Effects of stratified active layers on high-altitude permafrost warming: a case study on the Qinghai–Tibet Plateau
- 1Global Institute for Water Security, University of Saskatchewan, 11 Innovation Boulevard, Saskatoon, SK S7N 3H5, Canada
- 2Laboratory of Frozen Soils Engineering, Cold and Arid Regions Environmental and Engineering Research Institute, Chinese Academy of Sciences, Donggang West Road 320, Lanzhou, 730000, China
- 3CSIRO Land and Water, Christian Laboratory, Clunies Ross Street, Black Mountain, Canberra, Australian Capital Territory, 2601, Australia
- 4National Hydrology Research Centre, Environment Canada, 11 Innovation Boulevard, Saskatoon, SK S7N 3H5, Canada
- 5Institute of Environmental Physics, Heidelberg University, Im Neuenheimer Feld 229, Heidelberg, 69120, Germany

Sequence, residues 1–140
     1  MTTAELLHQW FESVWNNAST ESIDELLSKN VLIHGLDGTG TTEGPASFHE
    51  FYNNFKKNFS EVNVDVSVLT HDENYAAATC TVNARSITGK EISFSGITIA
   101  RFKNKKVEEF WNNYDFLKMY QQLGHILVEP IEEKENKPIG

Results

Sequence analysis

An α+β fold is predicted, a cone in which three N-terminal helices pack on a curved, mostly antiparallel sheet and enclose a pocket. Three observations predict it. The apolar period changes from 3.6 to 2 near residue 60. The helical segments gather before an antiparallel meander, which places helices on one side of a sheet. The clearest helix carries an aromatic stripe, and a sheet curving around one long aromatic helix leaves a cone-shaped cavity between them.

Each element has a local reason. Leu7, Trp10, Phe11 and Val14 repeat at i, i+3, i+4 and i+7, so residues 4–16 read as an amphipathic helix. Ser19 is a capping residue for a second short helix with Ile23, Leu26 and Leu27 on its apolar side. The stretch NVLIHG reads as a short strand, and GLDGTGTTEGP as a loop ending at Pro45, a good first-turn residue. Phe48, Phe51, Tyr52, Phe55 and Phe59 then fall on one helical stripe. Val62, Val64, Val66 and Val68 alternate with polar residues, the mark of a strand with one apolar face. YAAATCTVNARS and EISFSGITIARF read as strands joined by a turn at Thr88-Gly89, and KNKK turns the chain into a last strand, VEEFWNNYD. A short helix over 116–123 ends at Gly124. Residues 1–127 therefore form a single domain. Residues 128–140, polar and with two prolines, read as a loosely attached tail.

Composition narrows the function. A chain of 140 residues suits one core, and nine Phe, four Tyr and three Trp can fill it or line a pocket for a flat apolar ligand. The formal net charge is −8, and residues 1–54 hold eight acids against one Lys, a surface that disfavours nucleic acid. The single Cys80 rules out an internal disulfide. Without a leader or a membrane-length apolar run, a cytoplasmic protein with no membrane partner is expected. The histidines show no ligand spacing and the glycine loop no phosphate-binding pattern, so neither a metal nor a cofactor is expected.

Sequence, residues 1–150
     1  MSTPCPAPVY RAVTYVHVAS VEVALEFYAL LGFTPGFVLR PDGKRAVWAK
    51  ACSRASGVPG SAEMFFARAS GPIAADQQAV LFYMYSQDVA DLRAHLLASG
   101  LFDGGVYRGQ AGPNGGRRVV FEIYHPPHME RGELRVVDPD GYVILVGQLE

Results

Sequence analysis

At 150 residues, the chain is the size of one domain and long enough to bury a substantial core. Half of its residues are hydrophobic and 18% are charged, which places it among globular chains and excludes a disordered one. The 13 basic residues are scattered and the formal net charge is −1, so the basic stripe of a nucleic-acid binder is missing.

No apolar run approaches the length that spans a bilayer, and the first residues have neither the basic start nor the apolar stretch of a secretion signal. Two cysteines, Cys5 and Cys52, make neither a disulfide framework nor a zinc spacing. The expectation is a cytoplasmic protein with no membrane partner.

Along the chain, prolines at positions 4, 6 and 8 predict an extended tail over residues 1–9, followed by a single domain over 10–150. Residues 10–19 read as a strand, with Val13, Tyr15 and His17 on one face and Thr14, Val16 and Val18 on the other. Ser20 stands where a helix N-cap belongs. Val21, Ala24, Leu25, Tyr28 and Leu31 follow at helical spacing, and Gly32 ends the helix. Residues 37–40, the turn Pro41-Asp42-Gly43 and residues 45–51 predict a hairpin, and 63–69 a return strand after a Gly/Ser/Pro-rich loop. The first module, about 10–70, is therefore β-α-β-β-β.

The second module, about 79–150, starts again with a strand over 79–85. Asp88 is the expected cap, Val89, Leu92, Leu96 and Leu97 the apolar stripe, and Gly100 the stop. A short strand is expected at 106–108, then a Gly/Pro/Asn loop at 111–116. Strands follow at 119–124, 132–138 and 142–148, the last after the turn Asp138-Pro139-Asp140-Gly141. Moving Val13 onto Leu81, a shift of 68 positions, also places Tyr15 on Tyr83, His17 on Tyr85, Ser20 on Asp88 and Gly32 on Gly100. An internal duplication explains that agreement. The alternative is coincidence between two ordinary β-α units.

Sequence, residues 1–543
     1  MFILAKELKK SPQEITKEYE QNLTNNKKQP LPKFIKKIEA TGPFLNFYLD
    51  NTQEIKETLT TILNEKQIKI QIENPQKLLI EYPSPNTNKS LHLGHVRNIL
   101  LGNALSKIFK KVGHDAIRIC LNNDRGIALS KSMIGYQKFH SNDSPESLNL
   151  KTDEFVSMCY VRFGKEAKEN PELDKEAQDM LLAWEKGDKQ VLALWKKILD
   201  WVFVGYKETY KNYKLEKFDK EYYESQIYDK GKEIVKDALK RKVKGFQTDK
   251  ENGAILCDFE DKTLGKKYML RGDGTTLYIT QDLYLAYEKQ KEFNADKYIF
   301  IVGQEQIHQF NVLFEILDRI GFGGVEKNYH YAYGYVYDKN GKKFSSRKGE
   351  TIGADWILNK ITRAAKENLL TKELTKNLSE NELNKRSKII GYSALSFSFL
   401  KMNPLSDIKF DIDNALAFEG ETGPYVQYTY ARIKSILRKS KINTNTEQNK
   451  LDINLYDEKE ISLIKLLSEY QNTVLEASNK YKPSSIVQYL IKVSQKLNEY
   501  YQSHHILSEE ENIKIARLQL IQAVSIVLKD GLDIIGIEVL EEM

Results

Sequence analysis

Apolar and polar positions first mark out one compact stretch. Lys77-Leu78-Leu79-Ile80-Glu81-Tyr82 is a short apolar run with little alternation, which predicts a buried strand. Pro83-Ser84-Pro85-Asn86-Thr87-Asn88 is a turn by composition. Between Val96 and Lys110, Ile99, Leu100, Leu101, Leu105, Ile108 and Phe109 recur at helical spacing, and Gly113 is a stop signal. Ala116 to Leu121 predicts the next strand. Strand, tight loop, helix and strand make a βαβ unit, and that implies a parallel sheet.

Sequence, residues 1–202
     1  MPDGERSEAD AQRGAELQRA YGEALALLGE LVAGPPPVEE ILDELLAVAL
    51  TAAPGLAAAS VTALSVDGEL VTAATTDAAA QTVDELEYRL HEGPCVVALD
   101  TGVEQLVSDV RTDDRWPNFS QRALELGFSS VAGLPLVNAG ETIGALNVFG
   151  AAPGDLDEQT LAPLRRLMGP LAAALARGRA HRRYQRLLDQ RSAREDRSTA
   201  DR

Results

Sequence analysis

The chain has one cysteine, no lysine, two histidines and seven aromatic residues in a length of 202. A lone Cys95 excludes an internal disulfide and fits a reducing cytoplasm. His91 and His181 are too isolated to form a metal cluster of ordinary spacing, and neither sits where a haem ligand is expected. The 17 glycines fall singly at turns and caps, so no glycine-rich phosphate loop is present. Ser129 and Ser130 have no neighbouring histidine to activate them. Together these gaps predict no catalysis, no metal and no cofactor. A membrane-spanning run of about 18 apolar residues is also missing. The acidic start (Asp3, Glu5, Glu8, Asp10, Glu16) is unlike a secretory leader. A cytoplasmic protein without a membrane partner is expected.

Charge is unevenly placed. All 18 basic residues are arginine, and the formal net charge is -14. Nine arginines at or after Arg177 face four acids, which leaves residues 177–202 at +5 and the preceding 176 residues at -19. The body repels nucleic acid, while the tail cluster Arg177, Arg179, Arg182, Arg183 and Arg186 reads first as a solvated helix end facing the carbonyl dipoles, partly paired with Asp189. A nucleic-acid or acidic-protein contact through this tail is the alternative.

Abstract. Seasonally variable thermal conductivity in active layers is one important factor that controls the thermal state of permafrost. The common assumption is that this conductivity is considerably lower in the thawed than in the frozen state, λt/λf < 1. Using a 9-year dataset from the Qinghai–Tibet Plateau (QTP) in conjunction with the GEOtop model, we demonstrate that the ratio λt/λf may approach or even exceed 1. This can happen in thick (> 1.5 m) active layers with strong seasonal total water content changes in the regions with summer-monsoon-dominated precipitation pattern. The conductivity ratio can be further increased by typical soil architectures that may lead to a dry interlayer. The unique pattern of soil hydraulic and thermal dynamics in the active layer can be one important contributor for the rapid permafrost warming at the study site. These findings suggest that, given the increase in air temperature and precipitation, soil hydraulic properties, particularly soil architecture in those thick active layers must be properly taken into account in permafrost models.